(b) Experiment 2: fMRI pattern classification
(i) Participants and experimental design
Eight neurologically healthy adult volunteers (three females) with normal or corrected-to-normal vision aged between 25 and 42 years gave informed consent to participate in this study. All procedures were approved by the local ethics committee. Stimuli were generated in Matlab (v. 7.4, Mathworks) and presented in the scanner on a NEC LT158 data projector and viewed on a mirror mounted on the head coil. There were six different stimulus conditions (three stimulus types: static, slow, fast × two orientations/directions: 45° or 135°). Each condition occurred once within each run, presented in a randomized block design (22.4 s block duration), interleaved with 16 s blank fixation blocks (figure 4a). Overall, 10 runs were presented per participant. Participants viewed the stimuli while performing a fixation-dimming task. All stimuli were presented within a circular annulus, softened at the edges with a cosine ramp, with an inner radius of 2° and an outer radius of 8° (figure 4a); an additional 1° gap was added along the vertical midline to assist in localizing the borders of V1 and V2. Motion stimuli were 250 black and white Gaussian blobs, each with a standard deviation of 0.14°, giving a nominal ‘dot width’ (4 × dot s.d.) of 0.55°. Dots moved at either 11.3° per second (fast) or 2.3° per second (slow), either upwards to the left (135°) or upwards to the right (45°; figure 4a). We used these orientations rather than vertical and horizontal motion/orientation to avoid the well-known horizontal bias [20,21], which could have artificially elevated the classification accuracies. Speeds were slightly closer together than the speeds in the psychophysical experiment to maximize the possibility of finding similarities between faster and slower motions while remaining on either side of the critical streak speed. Oriented stimuli were composed of randomly generated noise stimuli, filtered in the Fourier domain in both orientation and spatial frequency to give orientations of 45° and 135°, with a one-octave bandwidth of spatial frequencies centred around 1.36 cycle per degree (figure 4a), and a 7.5° bandwidth of orientations. Stimuli were presented in 750 ms intervals, followed by a 250 ms blank period. Motion and orientation stimuli were randomly generated for each interval, to avoid local contrast cues biasing the results.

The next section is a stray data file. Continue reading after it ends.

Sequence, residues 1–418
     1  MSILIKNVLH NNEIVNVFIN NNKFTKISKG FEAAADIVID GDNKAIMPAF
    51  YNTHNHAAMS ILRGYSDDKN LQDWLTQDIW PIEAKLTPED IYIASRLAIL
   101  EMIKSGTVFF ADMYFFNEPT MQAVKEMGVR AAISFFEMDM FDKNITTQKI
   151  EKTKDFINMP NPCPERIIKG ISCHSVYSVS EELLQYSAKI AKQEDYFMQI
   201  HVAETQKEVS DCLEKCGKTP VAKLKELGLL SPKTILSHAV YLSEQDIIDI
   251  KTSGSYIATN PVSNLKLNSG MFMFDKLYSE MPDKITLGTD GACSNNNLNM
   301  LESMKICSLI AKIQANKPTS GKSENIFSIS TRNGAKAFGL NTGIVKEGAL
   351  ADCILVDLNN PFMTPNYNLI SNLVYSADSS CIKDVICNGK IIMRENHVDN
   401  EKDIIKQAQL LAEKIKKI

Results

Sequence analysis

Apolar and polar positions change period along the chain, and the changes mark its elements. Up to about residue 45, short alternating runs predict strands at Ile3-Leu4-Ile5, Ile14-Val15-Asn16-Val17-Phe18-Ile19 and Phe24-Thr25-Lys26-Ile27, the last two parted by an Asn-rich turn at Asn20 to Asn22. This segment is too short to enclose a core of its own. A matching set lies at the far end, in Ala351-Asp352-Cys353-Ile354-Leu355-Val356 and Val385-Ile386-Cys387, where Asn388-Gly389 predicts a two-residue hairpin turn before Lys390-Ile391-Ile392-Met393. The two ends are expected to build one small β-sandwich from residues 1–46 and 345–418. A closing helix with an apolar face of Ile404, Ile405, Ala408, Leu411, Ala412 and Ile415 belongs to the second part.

(ii) Display checks
Prior to the experiment, we determined whether there was any temporal blurring on the display that might cause actual streaks, because LCD projectors can show sluggish response times. To characterize the response time of the projector in the most accurate manner possible, we measured the luminance from the projector with a photodiode (sampling rate: 500 Hz) inside the scanner, using the actual luminance values to be presented during the experiment. We measured the response time as the display changed from grey to black, black to grey, grey to white and white to grey. None of these response times exceeded 4 ms, and thus we were confident that motion blur artefacts on the screen would not be present during the experiment.
(iii) fMRI acquisition